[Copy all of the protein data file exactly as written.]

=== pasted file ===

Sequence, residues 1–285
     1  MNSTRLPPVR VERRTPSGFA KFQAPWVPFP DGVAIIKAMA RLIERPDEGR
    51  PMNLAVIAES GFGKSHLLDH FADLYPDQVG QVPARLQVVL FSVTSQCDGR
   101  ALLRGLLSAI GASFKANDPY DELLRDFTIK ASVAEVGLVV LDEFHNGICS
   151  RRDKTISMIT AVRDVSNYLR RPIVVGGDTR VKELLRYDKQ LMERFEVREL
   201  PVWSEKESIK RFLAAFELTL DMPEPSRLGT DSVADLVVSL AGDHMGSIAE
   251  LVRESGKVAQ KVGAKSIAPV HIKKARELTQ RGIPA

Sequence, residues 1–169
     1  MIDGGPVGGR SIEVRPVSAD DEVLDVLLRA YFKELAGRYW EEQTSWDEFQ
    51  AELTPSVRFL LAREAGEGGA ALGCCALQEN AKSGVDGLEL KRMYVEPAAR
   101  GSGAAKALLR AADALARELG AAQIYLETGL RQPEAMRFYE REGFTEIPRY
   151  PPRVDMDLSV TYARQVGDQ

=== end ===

Sequence, residues 1–285
     1  MNSTRLPPVR VERRTPSGFA KFQAPWVPFP DGVAIIKAMA RLIERPDEGR
    51  PMNLAVIAES GFGKSHLLDH FADLYPDQVG QVPARLQVVL FSVTSQCDGR
   101  ALLRGLLSAI GASFKANDPY DELLRDFTIK ASVAEVGLVV LDEFHNGICS
   151  RRDKTISMIT AVRDVSNYLR RPIVVGGDTR VKELLRYDKQ LMERFEVREL
   201  PVWSEKESIK RFLAAFELTL DMPEPSRLGT DSVADLVVSL AGDHMGSIAE
   251  LVRESGKVAQ KVGAKSIAPV HIKKARELTQ RGIPA

Sequence, residues 1–169
     1  MIDGGPVGGR SIEVRPVSAD DEVLDVLLRA YFKELAGRYW EEQTSWDEFQ
    51  AELTPSVRFL LAREAGEGGA ALGCCALQEN AKSGVDGLEL KRMYVEPAAR
   101  GSGAAKALLR AADALARELG AAQIYLETGL RQPEAMRFYE REGFTEIPRY
   151  PPRVDMDLSV TYARQVGDQ